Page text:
What do these stories disclose about the status of women and children before the courts of antebellum Illinois and about their experiences before those courts? First, women and children had access to courts to plead their cases. Second, women and children could expect a hearing before these courts with a reasonable chance of success. Third, these courts viewed women and children as objects of paternal care rather than patriarchal dominance. What, for example, might Nancy Robinson Dorman or Clarissa Wren have expected from a truly patriarchal court? John Lane had served as Nancy Robinson's guardian for much of her life and had paid some of her father's debts. He might well have expected to be able to profit from and even sell some of the land she inherited, given his new responsibilities in caring for her. Clarissa Wren, divorced because of her own adulterous, hostile, and "improper" actions, could hardly have anticipated a sympathetic hearing from a court committed to maintaining male dominance of women. The trial following the rape of Jane Ann Rupert is less surprising and suggests some of the limits of paternalism in antebellum Illinois; only when the victim was so young as to preclude any doubt about her moral character did juries consistently find attackers guilty of rape.

      The other essays in this volume likewise show that women and children generally had access to the courts and, in some areas of the law, even special provisions, such as temporary guardians for children in inheritance cases and the ability to sue without court costs for women seeking divorce. Illinois law and Illinois circuit courts allowed women to end marriages that endangered them or left them economically vulnerable. Women were also quite successful in formally terminating marriages that deserting husbands had already dissolved in fact. Inheritance procedures allowed heirs to challenge unfavorable wills and to ensure equitable distribution of estates. A widow's right to dower, while rarely equal to the property or contributions that she brought to the marriage, was an object of particular concern for courts. Some women, like Margaret Porter of Sangamon County, derived considerable economic benefit from pointing out procedural irregularities that threatened her dower rights. Furthermore, while widows often did not own substantial real property, they did manage their deceased husband's property for the benefit of their children.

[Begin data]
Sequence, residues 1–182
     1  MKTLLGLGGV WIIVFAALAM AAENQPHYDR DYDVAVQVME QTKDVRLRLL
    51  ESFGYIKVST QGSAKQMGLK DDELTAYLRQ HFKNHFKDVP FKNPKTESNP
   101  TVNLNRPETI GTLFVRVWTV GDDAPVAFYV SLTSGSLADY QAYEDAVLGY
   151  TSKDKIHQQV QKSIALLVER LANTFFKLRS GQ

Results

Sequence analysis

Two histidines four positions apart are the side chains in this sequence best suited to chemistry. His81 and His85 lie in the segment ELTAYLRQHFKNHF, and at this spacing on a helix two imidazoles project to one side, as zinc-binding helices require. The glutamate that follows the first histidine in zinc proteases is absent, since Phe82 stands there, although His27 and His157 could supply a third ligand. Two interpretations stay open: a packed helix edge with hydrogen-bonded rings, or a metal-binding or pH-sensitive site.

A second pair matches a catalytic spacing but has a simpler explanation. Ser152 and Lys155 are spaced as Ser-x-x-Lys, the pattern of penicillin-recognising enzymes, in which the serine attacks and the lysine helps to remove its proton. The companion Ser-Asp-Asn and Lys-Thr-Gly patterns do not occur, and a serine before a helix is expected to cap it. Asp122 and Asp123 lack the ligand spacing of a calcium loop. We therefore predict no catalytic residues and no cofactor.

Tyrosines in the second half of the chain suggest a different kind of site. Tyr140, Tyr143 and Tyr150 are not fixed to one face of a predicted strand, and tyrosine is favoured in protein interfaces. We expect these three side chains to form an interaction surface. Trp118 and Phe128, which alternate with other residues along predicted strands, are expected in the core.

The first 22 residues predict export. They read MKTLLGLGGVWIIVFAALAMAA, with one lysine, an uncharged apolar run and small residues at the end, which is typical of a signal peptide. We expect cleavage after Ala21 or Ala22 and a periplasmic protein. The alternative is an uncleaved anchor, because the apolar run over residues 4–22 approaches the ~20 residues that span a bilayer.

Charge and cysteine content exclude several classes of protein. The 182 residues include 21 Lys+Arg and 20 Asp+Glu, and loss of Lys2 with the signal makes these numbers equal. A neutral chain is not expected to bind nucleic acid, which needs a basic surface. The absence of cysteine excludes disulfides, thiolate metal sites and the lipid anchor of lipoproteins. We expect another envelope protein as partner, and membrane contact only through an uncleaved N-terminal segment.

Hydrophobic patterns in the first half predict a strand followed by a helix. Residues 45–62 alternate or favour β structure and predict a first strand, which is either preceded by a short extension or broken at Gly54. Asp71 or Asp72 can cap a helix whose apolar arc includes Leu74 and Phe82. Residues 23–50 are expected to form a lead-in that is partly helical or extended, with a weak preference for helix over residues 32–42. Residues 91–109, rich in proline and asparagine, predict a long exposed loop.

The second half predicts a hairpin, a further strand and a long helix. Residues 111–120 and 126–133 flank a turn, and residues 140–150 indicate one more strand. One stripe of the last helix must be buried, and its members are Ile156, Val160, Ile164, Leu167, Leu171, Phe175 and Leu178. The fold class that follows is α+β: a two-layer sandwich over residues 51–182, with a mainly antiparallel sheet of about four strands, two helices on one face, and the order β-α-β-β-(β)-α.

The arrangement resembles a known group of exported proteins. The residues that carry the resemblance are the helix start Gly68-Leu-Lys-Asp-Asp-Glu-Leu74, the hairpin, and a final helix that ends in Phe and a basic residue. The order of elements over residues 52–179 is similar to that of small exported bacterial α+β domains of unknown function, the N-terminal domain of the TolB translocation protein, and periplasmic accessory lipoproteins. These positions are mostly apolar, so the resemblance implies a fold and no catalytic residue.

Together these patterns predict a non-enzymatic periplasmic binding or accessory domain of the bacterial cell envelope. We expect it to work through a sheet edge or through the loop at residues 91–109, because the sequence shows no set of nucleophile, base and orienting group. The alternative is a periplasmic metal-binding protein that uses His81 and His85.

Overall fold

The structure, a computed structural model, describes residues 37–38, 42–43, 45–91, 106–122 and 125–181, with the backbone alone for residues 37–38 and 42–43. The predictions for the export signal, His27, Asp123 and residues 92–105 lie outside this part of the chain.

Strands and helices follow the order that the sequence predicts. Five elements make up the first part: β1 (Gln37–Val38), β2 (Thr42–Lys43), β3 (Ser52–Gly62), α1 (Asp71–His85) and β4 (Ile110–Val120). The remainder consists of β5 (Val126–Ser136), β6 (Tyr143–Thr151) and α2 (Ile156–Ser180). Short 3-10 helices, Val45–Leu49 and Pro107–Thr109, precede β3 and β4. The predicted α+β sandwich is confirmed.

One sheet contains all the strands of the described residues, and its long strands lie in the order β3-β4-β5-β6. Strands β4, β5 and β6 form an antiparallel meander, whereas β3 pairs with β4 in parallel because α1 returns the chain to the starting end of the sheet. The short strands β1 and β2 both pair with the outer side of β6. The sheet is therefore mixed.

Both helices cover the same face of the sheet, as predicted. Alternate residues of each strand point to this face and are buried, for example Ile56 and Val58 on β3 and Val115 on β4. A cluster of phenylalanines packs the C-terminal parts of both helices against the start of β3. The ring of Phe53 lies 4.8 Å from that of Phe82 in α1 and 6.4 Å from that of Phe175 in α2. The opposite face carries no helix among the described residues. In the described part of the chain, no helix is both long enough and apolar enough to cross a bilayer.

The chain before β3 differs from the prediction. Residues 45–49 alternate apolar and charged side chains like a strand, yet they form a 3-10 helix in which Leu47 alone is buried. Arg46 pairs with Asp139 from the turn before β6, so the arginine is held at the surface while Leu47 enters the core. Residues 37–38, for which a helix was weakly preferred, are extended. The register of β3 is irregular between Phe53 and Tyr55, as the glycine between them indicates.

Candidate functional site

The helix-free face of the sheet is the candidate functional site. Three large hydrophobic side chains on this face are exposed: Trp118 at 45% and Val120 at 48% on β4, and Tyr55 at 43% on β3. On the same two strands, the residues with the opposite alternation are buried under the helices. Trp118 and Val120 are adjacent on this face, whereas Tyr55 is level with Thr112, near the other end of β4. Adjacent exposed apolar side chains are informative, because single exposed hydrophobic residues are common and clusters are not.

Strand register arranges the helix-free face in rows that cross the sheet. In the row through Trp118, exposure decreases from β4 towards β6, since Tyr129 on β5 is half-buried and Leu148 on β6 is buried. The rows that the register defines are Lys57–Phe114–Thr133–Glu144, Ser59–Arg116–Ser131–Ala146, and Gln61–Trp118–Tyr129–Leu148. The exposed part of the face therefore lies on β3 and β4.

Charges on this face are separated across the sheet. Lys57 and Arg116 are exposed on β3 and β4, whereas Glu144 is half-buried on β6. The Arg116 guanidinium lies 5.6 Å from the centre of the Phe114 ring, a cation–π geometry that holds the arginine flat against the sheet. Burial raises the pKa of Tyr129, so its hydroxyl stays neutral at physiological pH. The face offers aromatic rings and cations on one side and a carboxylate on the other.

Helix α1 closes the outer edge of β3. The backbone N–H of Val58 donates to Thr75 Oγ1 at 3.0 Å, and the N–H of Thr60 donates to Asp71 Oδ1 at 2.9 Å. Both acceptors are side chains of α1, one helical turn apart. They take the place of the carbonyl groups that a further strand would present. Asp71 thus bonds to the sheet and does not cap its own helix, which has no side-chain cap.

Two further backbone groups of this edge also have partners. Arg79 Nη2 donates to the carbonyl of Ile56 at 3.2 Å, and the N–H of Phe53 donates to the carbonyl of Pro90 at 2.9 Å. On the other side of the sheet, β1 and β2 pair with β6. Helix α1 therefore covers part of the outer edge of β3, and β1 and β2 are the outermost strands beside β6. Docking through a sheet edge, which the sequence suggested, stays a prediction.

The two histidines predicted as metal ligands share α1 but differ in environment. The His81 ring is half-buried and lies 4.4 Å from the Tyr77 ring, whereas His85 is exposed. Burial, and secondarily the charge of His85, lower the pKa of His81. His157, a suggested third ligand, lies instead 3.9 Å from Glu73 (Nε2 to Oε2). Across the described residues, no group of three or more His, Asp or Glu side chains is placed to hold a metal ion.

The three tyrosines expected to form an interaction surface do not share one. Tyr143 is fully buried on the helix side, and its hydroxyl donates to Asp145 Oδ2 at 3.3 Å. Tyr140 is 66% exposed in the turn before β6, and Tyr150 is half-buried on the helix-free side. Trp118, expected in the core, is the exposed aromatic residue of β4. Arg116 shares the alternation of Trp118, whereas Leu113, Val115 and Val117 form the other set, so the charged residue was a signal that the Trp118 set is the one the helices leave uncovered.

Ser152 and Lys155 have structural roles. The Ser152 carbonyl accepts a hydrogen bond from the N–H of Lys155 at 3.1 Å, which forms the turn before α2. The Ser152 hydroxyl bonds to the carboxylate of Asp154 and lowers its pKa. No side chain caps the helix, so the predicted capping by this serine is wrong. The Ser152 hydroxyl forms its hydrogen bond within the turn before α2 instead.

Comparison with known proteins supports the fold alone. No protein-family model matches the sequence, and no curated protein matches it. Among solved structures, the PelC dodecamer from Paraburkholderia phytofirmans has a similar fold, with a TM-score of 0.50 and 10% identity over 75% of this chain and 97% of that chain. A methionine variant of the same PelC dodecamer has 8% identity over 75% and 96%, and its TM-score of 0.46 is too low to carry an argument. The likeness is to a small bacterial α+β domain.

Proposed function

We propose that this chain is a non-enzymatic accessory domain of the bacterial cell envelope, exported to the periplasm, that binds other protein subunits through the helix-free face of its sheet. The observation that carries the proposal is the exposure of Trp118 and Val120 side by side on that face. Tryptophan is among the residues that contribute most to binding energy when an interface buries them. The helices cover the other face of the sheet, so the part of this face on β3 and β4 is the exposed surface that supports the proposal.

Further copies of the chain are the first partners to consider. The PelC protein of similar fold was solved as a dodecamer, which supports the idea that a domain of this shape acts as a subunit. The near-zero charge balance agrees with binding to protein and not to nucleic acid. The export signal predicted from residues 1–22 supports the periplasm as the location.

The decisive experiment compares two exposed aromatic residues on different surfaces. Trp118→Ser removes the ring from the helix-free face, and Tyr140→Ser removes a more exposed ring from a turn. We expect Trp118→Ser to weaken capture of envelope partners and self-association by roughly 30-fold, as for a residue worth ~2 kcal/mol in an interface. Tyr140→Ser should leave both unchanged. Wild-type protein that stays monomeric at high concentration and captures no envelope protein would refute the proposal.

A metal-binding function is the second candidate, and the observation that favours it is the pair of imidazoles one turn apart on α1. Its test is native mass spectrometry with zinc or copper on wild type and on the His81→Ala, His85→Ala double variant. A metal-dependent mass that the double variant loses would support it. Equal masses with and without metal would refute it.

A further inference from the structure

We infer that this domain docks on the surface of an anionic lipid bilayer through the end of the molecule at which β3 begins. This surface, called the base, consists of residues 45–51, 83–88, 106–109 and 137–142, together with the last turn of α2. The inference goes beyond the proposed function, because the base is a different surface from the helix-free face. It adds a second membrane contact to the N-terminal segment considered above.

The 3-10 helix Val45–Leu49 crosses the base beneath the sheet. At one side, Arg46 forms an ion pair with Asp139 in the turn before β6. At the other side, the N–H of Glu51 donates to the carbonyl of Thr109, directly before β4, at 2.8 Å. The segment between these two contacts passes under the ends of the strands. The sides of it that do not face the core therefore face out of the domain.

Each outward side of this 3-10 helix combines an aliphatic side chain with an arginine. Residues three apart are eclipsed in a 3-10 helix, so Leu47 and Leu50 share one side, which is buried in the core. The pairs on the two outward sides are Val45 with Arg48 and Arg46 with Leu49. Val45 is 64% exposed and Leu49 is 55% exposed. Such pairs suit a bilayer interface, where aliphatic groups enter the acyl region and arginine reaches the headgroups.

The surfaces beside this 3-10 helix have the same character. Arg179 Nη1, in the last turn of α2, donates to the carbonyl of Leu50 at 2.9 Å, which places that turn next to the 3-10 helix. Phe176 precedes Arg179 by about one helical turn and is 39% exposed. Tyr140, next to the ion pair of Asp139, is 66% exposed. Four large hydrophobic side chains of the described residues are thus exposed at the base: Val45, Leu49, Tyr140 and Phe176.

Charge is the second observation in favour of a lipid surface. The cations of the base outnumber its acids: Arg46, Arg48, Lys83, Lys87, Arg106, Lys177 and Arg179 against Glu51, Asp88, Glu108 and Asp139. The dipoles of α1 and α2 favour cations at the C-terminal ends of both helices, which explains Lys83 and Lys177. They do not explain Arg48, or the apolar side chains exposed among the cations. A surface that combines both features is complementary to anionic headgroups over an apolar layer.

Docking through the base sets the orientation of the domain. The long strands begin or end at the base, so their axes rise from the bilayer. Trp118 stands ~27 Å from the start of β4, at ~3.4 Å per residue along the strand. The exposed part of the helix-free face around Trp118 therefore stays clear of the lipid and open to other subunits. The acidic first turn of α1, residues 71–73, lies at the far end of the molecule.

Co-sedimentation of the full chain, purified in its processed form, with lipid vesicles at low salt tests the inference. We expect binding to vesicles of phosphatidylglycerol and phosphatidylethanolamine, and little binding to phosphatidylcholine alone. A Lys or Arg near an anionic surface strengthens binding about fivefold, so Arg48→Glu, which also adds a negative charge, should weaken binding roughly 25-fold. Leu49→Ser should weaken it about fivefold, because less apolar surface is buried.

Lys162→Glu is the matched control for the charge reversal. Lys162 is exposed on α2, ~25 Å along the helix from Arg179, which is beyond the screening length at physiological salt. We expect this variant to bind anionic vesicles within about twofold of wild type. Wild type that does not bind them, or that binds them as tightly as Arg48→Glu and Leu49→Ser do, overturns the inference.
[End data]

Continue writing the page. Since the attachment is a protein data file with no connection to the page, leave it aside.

These essays also shed considerable light on Abraham Lincoln's legal and social environment. Through his law practice he became a vital part of hundreds of these individual and family tales of squabbling siblings, struggling widows, and failed marriages. While anecdotal evidence suggests that he did not enjoy these family-turned-legal conflicts, he did gain a firm grasp of the concerns and interests of a broad spectrum of people, from farm laborers to state officers. He also relished the opportunity to be a peacemaker and arbiter in disputes that might be settled amicably. His own paternalistic attitudes toward women and children resonated with those of many of his fellow lawyers and the judges in whose courts he practiced.